9. Look like the civil servants at whitehall, sitting on their backsides on the expensive seats are now also feeling the pinch :lol: but at least one at SW1 can complain or strike :roll:

    Union anger at changes to Whitehall pension plan
    By Andrew Sparrow, Political Correspondent
    (Filed: 08/12/2004)

    Unions reacted angrily last night as the Government announced plans to change the pension arrangements for the 617,000 members of the Civil Service.

    Ruth Kelly, the Cabinet Office minister, said the abolition of the final salary scheme would be "good news" for most employees, particularly the low-paid and those wanting to take career breaks.

    But the Public and Commercial Services Union, which represents a majority of civil servants, said "hundreds of thousands" of its members could lose out.

    It even hinted that the proposals could trigger a strike, although ministers believe that union members will be much happier once they have studied the details.

    Miss Kelly indicated that the main losers would be the most senior civil servants, who can earn more than £100,000 a year. Civil servants currently enjoy taxpayer-funded final salary pensions.

    Under the new proposals, the Civil Service would still run a "defined benefit" scheme, guaranteeing pensioners a particular level of income. Instead of being based on final salary, it would be based on career earnings.

    Miss Kelly said that overall the change would be "cost neutral", but that it would redistribute pension income more fairly. "Someone who is a very high earner will have a very sharp salary increase towards the end of their career, and at the moment they will scoop the pensions pot," said Miss Kelly. But average civil servants were paid just over £17,000. They would get a fairer share.

    The Government has already announced that it wants to raise the Civil Service retirement age to 65 and the Cabinet Office wants the new pension scheme and retirement age to affect entrants from April 2006.

    Staff already in post would be affected from April 2013, although any pension earned before that date would be calculated under the old system.

    Miss Kelly said the new arrangements would be attractive to people with interrupted careers, or those who went part-time towards the end of their careers.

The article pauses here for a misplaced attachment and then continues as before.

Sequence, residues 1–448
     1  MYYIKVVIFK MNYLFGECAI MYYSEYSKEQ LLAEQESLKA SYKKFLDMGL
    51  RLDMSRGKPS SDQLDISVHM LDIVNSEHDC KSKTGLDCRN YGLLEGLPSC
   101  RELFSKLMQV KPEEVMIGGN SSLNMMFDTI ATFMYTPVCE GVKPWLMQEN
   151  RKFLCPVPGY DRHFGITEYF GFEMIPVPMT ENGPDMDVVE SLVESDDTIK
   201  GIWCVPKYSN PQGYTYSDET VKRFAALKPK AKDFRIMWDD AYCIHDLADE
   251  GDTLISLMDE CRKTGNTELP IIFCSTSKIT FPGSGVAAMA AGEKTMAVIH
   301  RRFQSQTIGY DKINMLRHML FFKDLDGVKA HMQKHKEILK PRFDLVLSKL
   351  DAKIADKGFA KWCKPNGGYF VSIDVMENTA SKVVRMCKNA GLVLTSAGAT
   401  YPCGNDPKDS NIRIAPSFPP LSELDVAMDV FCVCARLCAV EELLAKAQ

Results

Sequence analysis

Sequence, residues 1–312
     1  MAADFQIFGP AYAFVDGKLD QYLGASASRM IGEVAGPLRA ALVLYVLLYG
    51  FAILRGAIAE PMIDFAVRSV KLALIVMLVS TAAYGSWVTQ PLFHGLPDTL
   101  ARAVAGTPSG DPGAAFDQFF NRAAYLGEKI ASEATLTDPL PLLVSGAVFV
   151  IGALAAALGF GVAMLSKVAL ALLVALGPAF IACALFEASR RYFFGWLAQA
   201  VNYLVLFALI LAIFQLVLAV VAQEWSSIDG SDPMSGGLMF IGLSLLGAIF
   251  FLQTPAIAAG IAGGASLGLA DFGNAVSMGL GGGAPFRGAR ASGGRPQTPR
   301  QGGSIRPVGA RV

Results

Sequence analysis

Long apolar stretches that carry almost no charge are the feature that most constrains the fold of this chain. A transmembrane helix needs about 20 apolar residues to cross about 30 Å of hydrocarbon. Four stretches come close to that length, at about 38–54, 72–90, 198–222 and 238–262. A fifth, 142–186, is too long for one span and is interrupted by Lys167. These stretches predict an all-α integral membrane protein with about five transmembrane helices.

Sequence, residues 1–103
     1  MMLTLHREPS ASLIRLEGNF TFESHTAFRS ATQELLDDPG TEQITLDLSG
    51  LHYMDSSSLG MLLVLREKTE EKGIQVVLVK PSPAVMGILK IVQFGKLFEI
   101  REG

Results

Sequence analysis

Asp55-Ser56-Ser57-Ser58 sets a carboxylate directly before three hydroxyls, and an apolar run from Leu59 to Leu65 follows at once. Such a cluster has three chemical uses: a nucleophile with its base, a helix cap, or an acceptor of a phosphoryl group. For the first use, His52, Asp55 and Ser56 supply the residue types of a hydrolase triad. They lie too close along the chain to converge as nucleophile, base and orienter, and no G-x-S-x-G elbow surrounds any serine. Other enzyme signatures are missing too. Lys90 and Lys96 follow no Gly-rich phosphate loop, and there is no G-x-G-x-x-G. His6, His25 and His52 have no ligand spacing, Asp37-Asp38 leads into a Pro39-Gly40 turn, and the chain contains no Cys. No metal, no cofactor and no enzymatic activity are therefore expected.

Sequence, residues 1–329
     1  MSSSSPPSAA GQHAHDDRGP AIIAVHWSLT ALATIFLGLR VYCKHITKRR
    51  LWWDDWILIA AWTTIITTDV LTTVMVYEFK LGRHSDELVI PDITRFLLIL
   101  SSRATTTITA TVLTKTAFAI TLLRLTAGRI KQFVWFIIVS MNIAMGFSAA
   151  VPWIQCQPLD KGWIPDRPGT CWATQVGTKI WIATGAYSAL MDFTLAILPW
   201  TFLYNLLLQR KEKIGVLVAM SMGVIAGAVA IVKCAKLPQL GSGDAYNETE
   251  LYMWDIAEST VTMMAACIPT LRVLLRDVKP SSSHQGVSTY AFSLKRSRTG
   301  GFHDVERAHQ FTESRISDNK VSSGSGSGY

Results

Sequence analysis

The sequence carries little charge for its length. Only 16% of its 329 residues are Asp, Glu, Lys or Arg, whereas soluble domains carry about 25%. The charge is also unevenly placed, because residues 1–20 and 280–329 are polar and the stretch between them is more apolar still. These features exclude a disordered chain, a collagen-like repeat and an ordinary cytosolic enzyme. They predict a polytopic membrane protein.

Miss Kelly said the proposals had not been finalised. But she hinted that they could be a model for pensions reform for some of the other five million people in the public sector.

    Mark Serwotka, the head of the PCS union, said: "The radical move away from a final salary scheme allied with the pension age rise will only create uncertainty. Our immediate fear is that hundreds of thousands of people could lose out."

    A PCS spokesman said: "At this stage we cannot rule strike action in or out."

    In a separate development, the Cabinet Office yesterday announced plans to reduce the average 10-day level of annual sick leave in the Civil Service. One proposal was for employees who fall sick unexpectedly to have to call into the office every day to explain their absence.
  10. The main changes for Officers is that the new scheme offers no immediate pension for those who bang out at 37 (the current earliest departure point), but the trade off is that if you stay until 55 you will get a little more % of final salary which under current pension rules is %48.5.

    It is only worth switching as an officer if you are going to do the full stretch otherwise sticking with the old scheme means you will have an instant pension whenever you decide to go as long as you do 16 yrs beyond age 21.

    Anyway, back to the war.
  11. Would you mind leaving the Sin of Onan out of these discussions. I also resent the implication that those of us aged over thirty are prone to premature ejaculation.